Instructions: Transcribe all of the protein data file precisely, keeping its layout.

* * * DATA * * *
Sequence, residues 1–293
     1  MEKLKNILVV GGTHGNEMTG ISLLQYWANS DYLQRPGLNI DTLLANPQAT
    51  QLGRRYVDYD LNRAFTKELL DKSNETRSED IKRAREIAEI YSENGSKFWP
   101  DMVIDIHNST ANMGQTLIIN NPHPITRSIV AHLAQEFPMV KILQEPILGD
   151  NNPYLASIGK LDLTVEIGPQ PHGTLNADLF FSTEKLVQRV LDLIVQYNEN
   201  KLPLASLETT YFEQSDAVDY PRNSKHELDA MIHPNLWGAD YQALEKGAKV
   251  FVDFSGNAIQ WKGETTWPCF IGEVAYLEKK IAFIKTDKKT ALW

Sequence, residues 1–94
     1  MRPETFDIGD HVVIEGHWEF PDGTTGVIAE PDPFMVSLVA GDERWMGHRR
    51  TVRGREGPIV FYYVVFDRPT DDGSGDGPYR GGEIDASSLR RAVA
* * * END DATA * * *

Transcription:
Sequence, residues 1–293
     1  MEKLKNILVV GGTHGNEMTG ISLLQYWANS DYLQRPGLNI DTLLANPQAT
    51  QLGRRYVDYD LNRAFTKELL DKSNETRSED IKRAREIAEI YSENGSKFWP
   101  DMVIDIHNST ANMGQTLIIN NPHPITRSIV AHLAQEFPMV KILQEPILGD
   151  NNPYLASIGK LDLTVEIGPQ PHGTLNADLF FSTEKLVQRV LDLIVQYNEN
   201  KLPLASLETT YFEQSDAVDY PRNSKHELDA MIHPNLWGAD YQALEKGAKV
   251  FVDFSGNAIQ WKGETTWPCF IGEVAYLEKK IAFIKTDKKT ALW

Sequence, residues 1–94
     1  MRPETFDIGD HVVIEGHWEF PDGTTGVIAE PDPFMVSLVA GDERWMGHRR
    51  TVRGREGPIV FYYVVFDRPT DDGSGDGPYR GGEIDASSLR RAVA